Jupiter, in Virgo, shines like a beacon in the southeast at nightfall. It's highest in the south by 11 or midnight.
Arcturus shines brightly in the east these evenings, to the left or upper left of even brighter Jupiter.
In addition to three comets now in binocular view, Jupiter is at its biggest and brightest. Also look for summer star Vega in the northeast soon after dark.
Catch two comets through your binoculars, and watch the waxing crescent Moon approaching Aldebaran and the Hyades Friday evening.
Look up at the stars tonight and see the Little Dipper "pour" into the Big Dipper. Telescope users may try for Jupiter's moon in eclipse and Comet 41P.
Find the dim constellation Cancer on the traditional divide between the winter and spring sky. Last quarter Moon falls on Monday, March 20th.
The Moon hangs a few degrees below Regulus this Friday evening, and Mercury begins to emerge from the glow of sunset by the end of the week.
The Moon hangs below Aldebaran in the west this evening. But get ready for Saturday night, when the dark limb of the first-quarter Moon occults Aldebaran
The first naked-eye supernova since the invention of the telescope lit up the global astronomy world on the morning of February 23, 1987, as news spread by phone and teletype. Supernova 1987A in the Large Magellanic Cloud eventually reached magnitude 2.9, before beginning a long fade and a cascade of unexpected developments that continues to…
Sirius blazes high in the south these evenings, with bright Canopus due south below, and on Sunday, February 26th, Mars and Uranus are in conjunction.
After dinnertime at this time of year, five carnivore constellations are rising upright in a ragged row. Orion stands highest in early evening.
See a full Moon on Friday and, for most of the Americas, catch a very deep penumbral eclipse of the Moon that happens around sunset or in early evening.
North American observers can watch the Moon flirt with Earth’s shadow on the evening of February 10th.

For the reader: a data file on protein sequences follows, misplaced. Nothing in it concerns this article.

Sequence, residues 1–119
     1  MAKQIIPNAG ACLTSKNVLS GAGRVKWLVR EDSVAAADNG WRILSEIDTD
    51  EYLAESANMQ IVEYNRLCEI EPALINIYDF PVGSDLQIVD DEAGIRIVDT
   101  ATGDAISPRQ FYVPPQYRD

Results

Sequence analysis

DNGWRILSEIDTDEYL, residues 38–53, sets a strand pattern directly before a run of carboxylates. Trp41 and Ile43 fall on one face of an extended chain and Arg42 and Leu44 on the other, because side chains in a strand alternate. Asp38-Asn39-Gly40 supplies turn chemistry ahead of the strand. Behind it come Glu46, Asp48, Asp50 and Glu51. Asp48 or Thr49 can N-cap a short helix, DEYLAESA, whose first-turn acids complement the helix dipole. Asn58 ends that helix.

The first-quarter Moon on Friday is high in the south at sunset. After dark it balances on the dim head of Cetus. Spot Pleiades to its upper left.
After dark the Great Square of Pegasus is sinking down in the west, to the right of Venus and Mars. The Big Dipper is creeping up in the north-northeast.
After dinnertime this week, the Winter Triangle glitters in the southeast. Sirius is its lowest and brightest star, Betelgeuse above, and to their left Procyon.
The asteroid 4 Vesta shines at 6th magnitude in January 2017, visible in Gemini with binoculars or a small telescope.
On Saturday, the waning gibbous Moon and Regulus rise around 8 p.m. They'll part ways through the night as the Moon moves east along its orbit.
The waxing gibbous Moon shines below the Pleiades and right of Aldebaran Saturday evening - watch the Moon's dark limb occult a star later that night.
Can you spot the fingernail-thin crescent Moon in twilight Friday night? It's less than two days old as seen after sunset from North America.
The Quadrantids, one of the year's best meteor showers, peaks on the morning of January 3rd, is. But be ready for it — most of the action takes place over just a few hours.
After dark you'll find the Pleiades high in the east, with Aldebaran and the Hyades below them. Far below these, Orion is beginning to clear the horizon.
Maybe this gift-giving season you got a shiny new telescope to call your own. Congratulations — you could be on your way to discovering many amazing far things in the night sky. Although most of them are so far and faint that just finding and detecting them is the challenge! Whether your new scope is…
Have you ever watched a Sirius-rise? Watch for Sirius to come up about two fists at arm's length below Orion's Belt, around 8 p.m. local time.
Try your hand at observing the handful of "shooting stars" delivered by this little-known annual meteor shower.